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“Art as Entrepreneurship”

October 2, 2011

by Jennifer Markas

General Assembly, the collaborative workspace for start-up technology companies, and Active Ideas Productions have partnered together to launch a new series of educational events this Fall for the art novice and expert alike. “Art as Entrepreneurship” analyzes and evaluates distinct areas of the business of art including collecting, curation, and investment.

I had the opportunity of attending the first panel, “Art Outside the Gallery,” last Wednesday at General Assembly’s location in Union Square. Along with an all-star line-up, Annika Connor, founder of Active Ideas Productions, divulged the secrets of success for launching and running non-traditional venues for art.

In attendance was world-renowned artist, Richard Phillips, who has exhibited paintings at White Cube Gallery in London as well as Gagogsian in New York City. He discussed the notion of not only creating art, but also creating “your own media.” Whereas art in a traditional business model waits to be picked up by the press, Phillips has turned the model upside down with the release of his short films, Lindsay Lohan and Sasha Grey. They were released by Phillips on YouTube reaching nearly 2.2 million viewers worldwide. His insight of the art world is useful for aspiring artists and curators alike. He proves that ‘it is not about who you know, but who knows you.’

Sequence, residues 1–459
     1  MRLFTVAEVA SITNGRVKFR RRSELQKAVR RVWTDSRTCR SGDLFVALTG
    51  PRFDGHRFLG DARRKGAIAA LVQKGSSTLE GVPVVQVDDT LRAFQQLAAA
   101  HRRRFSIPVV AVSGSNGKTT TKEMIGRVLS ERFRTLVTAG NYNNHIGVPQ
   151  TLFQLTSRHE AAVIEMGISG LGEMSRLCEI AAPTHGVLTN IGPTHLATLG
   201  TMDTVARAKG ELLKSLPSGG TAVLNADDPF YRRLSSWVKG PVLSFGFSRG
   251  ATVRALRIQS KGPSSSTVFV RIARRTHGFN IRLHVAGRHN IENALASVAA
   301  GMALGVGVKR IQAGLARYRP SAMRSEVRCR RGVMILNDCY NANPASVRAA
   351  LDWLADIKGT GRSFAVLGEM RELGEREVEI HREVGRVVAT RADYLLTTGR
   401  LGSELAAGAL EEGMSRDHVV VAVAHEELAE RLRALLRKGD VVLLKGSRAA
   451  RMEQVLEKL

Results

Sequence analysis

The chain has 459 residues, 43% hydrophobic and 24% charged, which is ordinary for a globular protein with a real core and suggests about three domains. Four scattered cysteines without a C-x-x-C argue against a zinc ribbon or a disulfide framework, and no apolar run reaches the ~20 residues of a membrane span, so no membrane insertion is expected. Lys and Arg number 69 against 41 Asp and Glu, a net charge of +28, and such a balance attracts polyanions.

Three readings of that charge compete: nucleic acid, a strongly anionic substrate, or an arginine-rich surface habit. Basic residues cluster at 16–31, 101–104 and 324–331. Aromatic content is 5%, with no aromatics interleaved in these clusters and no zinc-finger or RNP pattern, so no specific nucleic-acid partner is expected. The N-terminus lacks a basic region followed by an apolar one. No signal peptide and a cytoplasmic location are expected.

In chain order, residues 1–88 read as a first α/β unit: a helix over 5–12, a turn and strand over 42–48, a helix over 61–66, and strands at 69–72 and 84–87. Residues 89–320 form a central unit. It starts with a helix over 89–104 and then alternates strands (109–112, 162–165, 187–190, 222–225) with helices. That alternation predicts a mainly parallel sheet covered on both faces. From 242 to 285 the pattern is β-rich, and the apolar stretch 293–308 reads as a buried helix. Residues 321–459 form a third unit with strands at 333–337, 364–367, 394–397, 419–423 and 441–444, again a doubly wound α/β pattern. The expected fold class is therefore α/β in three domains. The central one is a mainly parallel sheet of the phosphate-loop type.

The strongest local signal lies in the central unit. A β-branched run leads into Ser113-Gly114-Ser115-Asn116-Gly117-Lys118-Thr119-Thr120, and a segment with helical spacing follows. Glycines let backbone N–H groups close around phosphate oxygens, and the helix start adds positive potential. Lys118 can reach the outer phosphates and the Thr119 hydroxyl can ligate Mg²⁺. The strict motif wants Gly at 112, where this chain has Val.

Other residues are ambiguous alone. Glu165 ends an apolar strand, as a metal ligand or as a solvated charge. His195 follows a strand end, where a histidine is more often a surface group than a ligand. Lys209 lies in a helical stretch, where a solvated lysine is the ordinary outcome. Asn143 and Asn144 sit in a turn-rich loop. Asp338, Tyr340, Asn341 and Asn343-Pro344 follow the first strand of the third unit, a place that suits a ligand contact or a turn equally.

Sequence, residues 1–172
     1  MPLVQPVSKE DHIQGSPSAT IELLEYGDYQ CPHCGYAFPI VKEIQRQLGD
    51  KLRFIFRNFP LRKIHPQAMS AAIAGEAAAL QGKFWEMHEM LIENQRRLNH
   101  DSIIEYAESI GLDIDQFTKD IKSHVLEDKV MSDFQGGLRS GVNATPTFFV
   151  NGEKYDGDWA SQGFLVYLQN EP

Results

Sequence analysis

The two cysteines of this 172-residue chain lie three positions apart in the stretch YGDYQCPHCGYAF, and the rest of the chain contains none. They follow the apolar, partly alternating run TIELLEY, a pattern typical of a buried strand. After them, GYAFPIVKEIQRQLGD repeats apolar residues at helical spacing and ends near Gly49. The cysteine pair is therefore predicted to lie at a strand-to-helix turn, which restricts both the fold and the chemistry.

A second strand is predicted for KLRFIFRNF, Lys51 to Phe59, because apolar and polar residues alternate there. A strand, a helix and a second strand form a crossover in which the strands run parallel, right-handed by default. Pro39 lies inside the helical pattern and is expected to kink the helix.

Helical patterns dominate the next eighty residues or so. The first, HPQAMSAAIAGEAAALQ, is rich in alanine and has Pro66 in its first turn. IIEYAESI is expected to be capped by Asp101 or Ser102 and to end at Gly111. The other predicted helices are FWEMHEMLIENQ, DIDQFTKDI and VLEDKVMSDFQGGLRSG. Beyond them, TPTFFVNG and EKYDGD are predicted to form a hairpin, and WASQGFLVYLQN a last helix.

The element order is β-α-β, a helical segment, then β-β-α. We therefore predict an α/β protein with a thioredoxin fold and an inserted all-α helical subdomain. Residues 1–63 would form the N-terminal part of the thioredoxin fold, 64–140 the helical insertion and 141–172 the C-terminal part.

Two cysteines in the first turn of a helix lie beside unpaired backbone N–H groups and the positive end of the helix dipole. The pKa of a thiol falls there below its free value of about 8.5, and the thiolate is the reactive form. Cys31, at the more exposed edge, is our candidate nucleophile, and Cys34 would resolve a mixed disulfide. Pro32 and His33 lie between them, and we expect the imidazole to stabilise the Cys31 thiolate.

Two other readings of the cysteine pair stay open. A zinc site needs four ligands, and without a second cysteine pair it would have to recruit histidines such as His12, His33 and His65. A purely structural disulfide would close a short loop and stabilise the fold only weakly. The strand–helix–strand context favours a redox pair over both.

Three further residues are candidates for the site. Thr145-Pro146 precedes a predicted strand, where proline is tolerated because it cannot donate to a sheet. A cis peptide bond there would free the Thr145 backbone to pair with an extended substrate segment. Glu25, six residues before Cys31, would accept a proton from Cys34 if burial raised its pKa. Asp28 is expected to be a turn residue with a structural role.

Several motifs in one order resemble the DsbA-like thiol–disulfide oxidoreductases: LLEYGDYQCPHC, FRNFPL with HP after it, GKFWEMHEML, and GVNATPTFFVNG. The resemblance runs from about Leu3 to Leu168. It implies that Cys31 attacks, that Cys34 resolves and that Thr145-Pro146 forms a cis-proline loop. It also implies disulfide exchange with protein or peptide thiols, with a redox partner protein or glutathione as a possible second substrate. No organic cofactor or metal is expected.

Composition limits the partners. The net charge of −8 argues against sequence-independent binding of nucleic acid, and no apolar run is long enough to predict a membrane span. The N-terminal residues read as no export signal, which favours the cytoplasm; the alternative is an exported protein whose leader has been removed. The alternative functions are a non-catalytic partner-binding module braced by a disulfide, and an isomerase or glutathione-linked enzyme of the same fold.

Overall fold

Christina Tonkin grabbed the audience’s attention with her insider knowledge of the hit show Gossip Girl for which she is the set decorator. Tonkin engaged us with anecdotes about which artists works she chooses to display on set and why. Her profession’s medium, television and film, epitomizes a non-traditional venue for art and is most definitely an alternative outlet for aspiring curators and artists to keep in mind considering more opportunities exist nowadays for self-released film and multi-media production.

Gagogsian employee by day and independent curator by night, Jill Murphy launched AD Projects in the wake of economic crisis. As a four person curatorial team, AD Projects exhibits up-and-coming artists in alternative venues such as empty commercial buildings and warehouses. Their continued success is partially due to a revenue model based on low-overhead where exhibition space is fully sponsored by the property owner, a definite advantage when curating in an economic recession.

Lastly, Carter Cleveland finished the panel discussion by divulging the essence of his captivating business, “Powered by The Art Genome Project, an ongoing study of the characteristics that distinguish and connect works of art, evaluates artworks along 500+ characteristics to create a powerful search experience that reflects the multifaceted aspects of works of art.” It is said to be a ‘Pandora for art,’ which Cleveland hopes will not only engage people with art, but also educate them about the art.

I highly recommend attending any of the upcoming “Art as Entrepreneurship” panels as they are educating, engaging, and accessible. General Assembly’s space is contemporary and inviting, and hosts an intelligent, edgy group of individuals who make up today’s most promising entrepreneurs. Hope to see you at the next lecture!

Register here for the upcoming panel discussions in the “Art as Entrepreneurship” series:

Art as Investment: A Survey and Explanation of the Art Market
Wednesday, October 19, 7-9:30pm

The Fusion of Fine Art and Fashion
Wednesday, November 16, 7-9:30pm

Curating your Corporate and Private Collection
Wednesday, December 16, 7-9:30pm

Jennifer Markas is the Founder of Damsels in Design NYC. She currently works as a Business Manager for the architecture firm, Thomas Phifer and Partners. Jennifer can be contacted by email at

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